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At this point Onkyo’s decision to remove Audyssey from its AV gear is old news; the initial shock has worn and the earth continues to spin. However, some enthusiasts and fans of the brand held hope that Onkyo had simply removed Audyssey from lower-end models, keeping the popular room correction suite secretly reserved for mid-summer high-end releases. Alas, this is not the case. The company recently released fine-print details for three new A/V heavy hitters, all devoid of Audyssey. It appears, for the time being, that Onkyo will push forward with its proprietary AccuEQ room calibration offering.

Of course, this may ultimately prove to be a moot point. Onkyo believes that AccuEQ produces a more natural sound through bypassing equalization of front and subwoofer channels. While there are certainly plenty of sub-EQ options available, it’s hard to ignore the popularity of Audyssey’s ability to offer sub-EQ out of the box (with MultEQ XT32). Nevertheless, this is what we have to work with and Onkyo’s AVR line-up for 2014 is incredibly competitive despite its Audyssey-less composition.




The new receivers (THX® Select2 Plus-certified 9.2-channel TX-NR1030 Network A/V Receiver and the 11.2-channel TX-NR3030 Network A/V Receiver) and preamplifier (THX® Ultra Plus-certified PR-SC5530 Network A/V Controller) arrive on the wave created by the announcement that Dolby Atmos is moving into the home environment. Not surprisingly, these new pieces of hardware are Atmos ready. Each features 32-bit DSP engines to decode, scale and calibrate signals for a full-on Atmos experience. They also support the latest HDMI specification and HDCP 2.2 copy protection, so you can be confident that they’ll be 4K/60Hz ready while being able to handle playback of future streamed and broadcast 4K material.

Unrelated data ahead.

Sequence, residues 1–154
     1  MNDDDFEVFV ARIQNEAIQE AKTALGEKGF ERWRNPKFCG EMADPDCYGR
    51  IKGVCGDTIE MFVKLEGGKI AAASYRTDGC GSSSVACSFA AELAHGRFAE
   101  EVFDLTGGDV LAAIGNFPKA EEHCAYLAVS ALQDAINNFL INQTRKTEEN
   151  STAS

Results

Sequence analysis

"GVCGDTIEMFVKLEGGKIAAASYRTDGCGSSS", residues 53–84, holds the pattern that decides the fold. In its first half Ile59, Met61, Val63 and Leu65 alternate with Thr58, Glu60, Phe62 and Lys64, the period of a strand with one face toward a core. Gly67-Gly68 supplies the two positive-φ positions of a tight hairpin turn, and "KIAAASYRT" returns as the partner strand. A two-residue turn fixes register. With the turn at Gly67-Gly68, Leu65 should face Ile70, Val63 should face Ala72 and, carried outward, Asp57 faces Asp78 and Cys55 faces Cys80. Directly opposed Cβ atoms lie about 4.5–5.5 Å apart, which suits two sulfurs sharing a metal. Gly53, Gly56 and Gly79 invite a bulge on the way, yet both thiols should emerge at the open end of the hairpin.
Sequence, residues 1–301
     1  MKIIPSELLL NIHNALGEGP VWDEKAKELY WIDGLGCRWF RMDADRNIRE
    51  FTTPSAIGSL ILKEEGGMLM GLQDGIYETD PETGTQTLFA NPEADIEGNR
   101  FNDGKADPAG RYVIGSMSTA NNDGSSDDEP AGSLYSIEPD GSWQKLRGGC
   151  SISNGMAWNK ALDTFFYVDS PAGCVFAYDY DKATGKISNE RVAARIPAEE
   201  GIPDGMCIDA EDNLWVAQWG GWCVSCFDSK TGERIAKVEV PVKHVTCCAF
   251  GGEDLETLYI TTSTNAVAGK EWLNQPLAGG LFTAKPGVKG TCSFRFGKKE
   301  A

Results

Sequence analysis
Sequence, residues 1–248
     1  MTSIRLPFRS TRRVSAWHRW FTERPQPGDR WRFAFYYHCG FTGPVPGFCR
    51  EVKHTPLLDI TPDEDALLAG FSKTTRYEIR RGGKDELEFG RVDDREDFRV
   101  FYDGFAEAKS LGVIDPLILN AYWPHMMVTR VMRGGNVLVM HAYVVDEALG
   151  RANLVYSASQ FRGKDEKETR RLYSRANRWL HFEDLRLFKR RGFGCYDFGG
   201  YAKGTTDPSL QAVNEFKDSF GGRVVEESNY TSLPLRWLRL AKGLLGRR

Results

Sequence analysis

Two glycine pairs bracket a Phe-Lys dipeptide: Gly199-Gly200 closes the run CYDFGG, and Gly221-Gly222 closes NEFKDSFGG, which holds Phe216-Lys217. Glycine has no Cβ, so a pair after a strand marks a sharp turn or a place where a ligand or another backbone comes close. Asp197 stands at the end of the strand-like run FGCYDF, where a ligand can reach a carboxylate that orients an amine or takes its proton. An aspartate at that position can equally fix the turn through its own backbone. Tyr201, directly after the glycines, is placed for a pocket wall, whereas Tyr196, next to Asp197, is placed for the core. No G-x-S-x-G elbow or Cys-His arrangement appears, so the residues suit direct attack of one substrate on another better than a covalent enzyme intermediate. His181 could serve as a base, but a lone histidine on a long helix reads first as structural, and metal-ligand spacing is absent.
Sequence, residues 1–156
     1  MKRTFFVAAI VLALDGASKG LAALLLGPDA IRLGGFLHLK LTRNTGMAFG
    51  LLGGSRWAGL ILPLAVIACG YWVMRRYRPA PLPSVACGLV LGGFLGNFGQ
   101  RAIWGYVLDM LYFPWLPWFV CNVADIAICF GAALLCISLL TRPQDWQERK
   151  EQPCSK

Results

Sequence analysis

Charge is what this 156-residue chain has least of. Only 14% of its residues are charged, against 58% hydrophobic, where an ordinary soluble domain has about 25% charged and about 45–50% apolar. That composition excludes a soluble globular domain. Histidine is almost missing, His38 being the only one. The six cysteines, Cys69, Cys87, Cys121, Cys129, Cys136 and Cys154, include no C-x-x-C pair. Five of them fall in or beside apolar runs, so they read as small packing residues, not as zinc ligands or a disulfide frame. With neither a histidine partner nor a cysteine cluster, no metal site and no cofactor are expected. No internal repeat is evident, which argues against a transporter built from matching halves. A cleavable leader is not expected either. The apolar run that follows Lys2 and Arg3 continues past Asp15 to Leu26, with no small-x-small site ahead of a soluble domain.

TX-NR3030 and TX-NR1030 Network A/V Receivers
The THX select2 certified TX-NR3030 sits at the top of Onkyo’s receiver offerings with 11.2 channels and 135 W of power output (8 Ohms, 2 channels driven). With the addition of Atmos capabilities, users will have the ability to augment 5.2, 7.2 and 9.2 configurations with the provided extra outputs for what will likely prove to be an audio cocooning experience. Wide Range Amplifier Technology (WRAT) comprised of a custom high-output transformer, caps, and low impendence copper bus-plates with separate processing and amplification blocks powers the heart of the NR3030. Audio processing is handled by seven two-channel 192 kHz/24-bit TI Burr-Brown DACs and two 32-bit DSP processors. It supports just about every hi-res and lossless audio format under the sun (from FLAC to WMA) while also supporting 5.6 MHz DSD and Dolby True HD formats, so the NR3030 has great sound covered. On the connectivity side, it features 8 HDMI inputs (one front panel with MHL), 3 HDMI outputs, a phono input, balanced 11.4 XLR pre-outs and 11.4 multichannel pre-outs, along with the other usual suspects, in addition to Wifi and Bluetooth support. On the output side, the NR3030 offers video upscaling (HD and UHD) on the back of Qdeo 4K upscaling technology.